Follow Chris Linkedin Twitter
Email Chris Email
Legal Issues
Mar 1, 2018

Dram Shop Basics: What Business Owners Need to Know

Sponsored Content provided by Chris Hinnant - Member Attorney, Barnwell Whaley Patterson & Helms, PLLC

Nothing says vacation like a Jimmy Buffett song, and many of his best conjure up images of an idyllic setting - sitting by the water, enjoying a warm ocean breeze, holding a cold drink and watching the sunset. 

This scene is not just for fictional, far away islands, though. It is something that tourists and locals alike enjoy almost year-round in the coastal Carolinas, and many business owners in the hospitality industry derive a substantial amount of their income from the sale of alcoholic beverages.

But what happens when the song ends badly? What if the bar patron has a few too many margaritas and makes an ill-fated decision to drive home, injuring another person en route? Or if the person drinking a beer while watching the sunset is under 21, and bought that beer using a fake ID? 

More and more lawsuits in North and South Carolina claim there is a bar owner to blame, and the consequences can be both tragic and expensive.

It is illegal in both Carolinas for a commercial alcohol vendor to sell or give alcohol to a person under 21 years of age. Similarly, both states prohibit the sale of alcoholic beverages to an intoxicated person. The statutes in each state create a duty on the part of a commercial alcohol vendor, and a violation of these statutes, either by selling alcohol to an underage person or to someone already intoxicated (or even, in some instances, both) is a breach of this duty. 

If a plaintiff can show she was injured as a result of an underaged or intoxicated person’s alcohol consumption in violation of the statutes, the commercial alcohol vendor can then be liable for her injuries.  These can include medical bills, wage loss, loss of future earning capacity, scarring, disfigurement and property damage. It can even result in monetary damages to a person’s estate pursuant to each state’s wrongful death statutes if a third party is killed by the underage or intoxicated person. Clearly, these damages can be significant.

Despite many basic similarities, the “dram shop” laws in each state are somewhat different. Regardless of where in the Carolinas the bar or restaurant operates, though, there are some basic steps bar and restaurant owners can follow to limit or defend against such claims. 

Generally speaking, it is important for a business owner to make sure bartenders and wait staff are familiar with the law pertaining to age-related sales, such as not selling to anyone under the age of 21 and understanding what constitutes acceptable forms of identification.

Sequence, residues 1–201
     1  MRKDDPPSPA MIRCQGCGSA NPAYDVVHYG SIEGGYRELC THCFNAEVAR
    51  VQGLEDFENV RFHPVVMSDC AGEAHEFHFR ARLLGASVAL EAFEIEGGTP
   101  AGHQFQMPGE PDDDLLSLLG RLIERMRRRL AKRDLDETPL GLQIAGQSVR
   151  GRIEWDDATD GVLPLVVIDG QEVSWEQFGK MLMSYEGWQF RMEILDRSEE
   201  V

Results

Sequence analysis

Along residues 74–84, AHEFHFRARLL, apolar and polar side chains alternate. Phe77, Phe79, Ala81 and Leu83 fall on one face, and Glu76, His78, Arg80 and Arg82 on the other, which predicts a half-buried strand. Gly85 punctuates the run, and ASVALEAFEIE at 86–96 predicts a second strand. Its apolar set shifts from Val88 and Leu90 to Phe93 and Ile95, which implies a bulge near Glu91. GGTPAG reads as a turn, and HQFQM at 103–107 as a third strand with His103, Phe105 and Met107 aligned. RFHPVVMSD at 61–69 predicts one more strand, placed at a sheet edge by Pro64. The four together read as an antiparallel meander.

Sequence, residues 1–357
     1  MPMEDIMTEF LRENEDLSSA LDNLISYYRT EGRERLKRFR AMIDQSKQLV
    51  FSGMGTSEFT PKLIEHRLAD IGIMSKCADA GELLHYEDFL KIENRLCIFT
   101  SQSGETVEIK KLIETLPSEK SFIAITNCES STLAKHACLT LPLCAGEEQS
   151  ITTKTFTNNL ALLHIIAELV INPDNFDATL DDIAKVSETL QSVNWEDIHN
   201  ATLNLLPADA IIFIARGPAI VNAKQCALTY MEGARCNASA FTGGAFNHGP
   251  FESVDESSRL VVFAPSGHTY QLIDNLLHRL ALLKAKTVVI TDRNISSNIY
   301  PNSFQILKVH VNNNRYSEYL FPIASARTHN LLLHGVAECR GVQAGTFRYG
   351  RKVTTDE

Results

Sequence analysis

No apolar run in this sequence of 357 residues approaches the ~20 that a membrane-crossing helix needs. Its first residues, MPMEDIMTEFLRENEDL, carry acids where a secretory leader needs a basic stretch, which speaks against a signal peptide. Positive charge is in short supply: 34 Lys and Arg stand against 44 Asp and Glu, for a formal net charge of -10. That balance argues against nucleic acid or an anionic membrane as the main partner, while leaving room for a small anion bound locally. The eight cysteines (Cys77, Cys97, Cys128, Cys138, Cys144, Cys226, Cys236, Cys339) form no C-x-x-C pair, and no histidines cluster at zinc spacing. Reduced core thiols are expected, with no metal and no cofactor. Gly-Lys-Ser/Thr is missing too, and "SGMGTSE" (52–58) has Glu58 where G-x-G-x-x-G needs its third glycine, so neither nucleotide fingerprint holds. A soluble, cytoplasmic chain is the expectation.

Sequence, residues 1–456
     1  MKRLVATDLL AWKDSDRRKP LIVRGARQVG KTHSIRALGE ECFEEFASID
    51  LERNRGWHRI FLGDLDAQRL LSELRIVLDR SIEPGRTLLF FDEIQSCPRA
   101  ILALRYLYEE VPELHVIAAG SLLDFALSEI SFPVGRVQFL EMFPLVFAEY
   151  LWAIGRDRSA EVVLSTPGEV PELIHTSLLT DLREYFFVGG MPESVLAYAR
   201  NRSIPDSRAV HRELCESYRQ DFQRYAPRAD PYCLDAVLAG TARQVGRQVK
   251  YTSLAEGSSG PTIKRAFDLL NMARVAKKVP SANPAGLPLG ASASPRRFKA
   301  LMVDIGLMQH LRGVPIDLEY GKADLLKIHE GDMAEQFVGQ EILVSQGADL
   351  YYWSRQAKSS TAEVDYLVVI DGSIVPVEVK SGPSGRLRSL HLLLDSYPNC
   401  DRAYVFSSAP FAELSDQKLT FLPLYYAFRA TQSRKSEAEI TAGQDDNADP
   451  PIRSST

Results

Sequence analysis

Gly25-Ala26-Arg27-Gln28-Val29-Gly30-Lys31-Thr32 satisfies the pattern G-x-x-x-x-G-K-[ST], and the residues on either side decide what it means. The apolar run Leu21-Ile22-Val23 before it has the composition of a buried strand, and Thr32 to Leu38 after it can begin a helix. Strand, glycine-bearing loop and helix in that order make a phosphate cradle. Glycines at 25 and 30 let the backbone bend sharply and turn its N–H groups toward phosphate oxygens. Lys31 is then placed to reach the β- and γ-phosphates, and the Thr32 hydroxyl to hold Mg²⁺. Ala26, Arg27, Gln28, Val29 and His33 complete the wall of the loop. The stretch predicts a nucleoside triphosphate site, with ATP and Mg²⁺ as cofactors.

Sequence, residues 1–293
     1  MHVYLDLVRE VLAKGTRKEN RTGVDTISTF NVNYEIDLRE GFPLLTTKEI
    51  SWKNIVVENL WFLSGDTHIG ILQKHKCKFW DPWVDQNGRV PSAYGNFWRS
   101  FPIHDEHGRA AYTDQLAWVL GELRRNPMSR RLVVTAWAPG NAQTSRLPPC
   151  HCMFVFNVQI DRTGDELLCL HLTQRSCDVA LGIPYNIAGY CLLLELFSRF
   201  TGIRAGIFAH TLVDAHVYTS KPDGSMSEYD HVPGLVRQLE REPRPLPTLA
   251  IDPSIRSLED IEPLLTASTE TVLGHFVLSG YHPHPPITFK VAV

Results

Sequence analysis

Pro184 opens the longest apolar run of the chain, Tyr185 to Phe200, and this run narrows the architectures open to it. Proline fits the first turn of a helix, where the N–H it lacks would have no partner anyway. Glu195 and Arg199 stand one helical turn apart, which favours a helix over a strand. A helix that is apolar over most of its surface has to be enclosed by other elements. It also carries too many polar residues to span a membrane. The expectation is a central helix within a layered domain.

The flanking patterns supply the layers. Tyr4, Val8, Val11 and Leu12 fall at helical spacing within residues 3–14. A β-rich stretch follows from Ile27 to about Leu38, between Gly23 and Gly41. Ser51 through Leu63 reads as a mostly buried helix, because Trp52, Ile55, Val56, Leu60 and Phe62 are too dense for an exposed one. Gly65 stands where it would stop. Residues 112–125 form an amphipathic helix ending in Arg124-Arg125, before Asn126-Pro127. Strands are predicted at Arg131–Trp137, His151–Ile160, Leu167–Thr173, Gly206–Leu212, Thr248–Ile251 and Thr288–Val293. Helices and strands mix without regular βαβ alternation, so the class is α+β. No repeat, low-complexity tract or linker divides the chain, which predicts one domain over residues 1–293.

Similarly, servers should learn to recognize the signs and symptoms of an intoxicated patron. Red or glassy eyes, slurred words/speech, impairment of fine or gross motor function and inappropriate behavior can all be outward signals of intoxication. Most experienced bartenders know to be on the lookout for such overt signs, but less experienced servers may not know about or recognize these telltale signs, which can often be subtle.

Understanding the law related to prohibited alcohol sales is key to sales compliance and hopefully limiting any liability exposure for potential “dram shop” claims. 

Our next article will focus on the law specific to the North Carolina hospitality industry as it relates to underage alcohol sales.

Christopher M Hinnant is a trial lawyer and member of Barnwell Whaley Patterson & Helms PLLC’s Wilmington, NC office. Hinnant is licensed in both North and South Carolina, and concentrates his practice in civil litigation, including dram shop liability, premises liability and restaurant and hospitality law. He has handled cases in Virginia, North Carolina and South Carolina. A significant portion of his cases involves catastrophic injury and wrongful death. Hinnant also has significant experience with medical malpractice matters, complex commercial litigation and construction matters. To contact Hinnant, call (910) 679-4329 or email him at [email protected].


Wbj bwph blockad chris 80
Ico insights



Signs are Not My Thing, But I Need One… Yesterday

Sabrina Davis - Port City Signs & Graphics
Dallas headshot 300x300

Estate Planning: A Small Slice of a Bigger Pie

Dallas Romanowski - Cornerstone Business Advisors
Img 0621

Keeping Good Records, Bookkeeping and Knowing the Difference

Karen Durda - Century Accounting and Tax Services, Inc.

Trending News

Off The Beaten Path, These Cafes Are Worth Special Trips

Jessica Maurer - Mar 14, 2018

Developer Again Seeks Military Cutoff Rezoning With 'less-intensive' Plan For The Avenue

Cece Nunn - Mar 16, 2018

Steak N' Shake Still Aiming To Establish Wilmington Presence

Jessica Maurer - Mar 14, 2018

Marina Grill Opens Today At Port City Marina

Jessica Maurer - Mar 14, 2018

Toys R Us Demise Could Put Valuable Wilmington Property On Market

Cece Nunn - Mar 15, 2018

In The Current Issue

MADE Winners - Arts Category

Intracoastal Iron & Metalwork LLC, Second Set Designs LLC/Tachits and TAY HAM are the winners in the MADE Arts Category....

MADE Winners - Supporter Category

Eclipse Artisan Boutique is the MADE Winner in the Supporter Category....

2018 MADE Honors Region’s Makers  

In the third year of our MADE Awards competition, the winners covered a wide range of products being conceived and produced in the local mar...

Book On Business

The 2018 WilmingtonBiz: Book on Business is an annual publication showcasing the Wilmington region as a center of business.

Order Your Copy Today!



WilmingtonBiz Expo - Keynote Lunch with John Gizdic, CEO, New Hanover Regional Medical Center
Wilmington's Most Intriguing People of 2017
2017 Health Care Heroes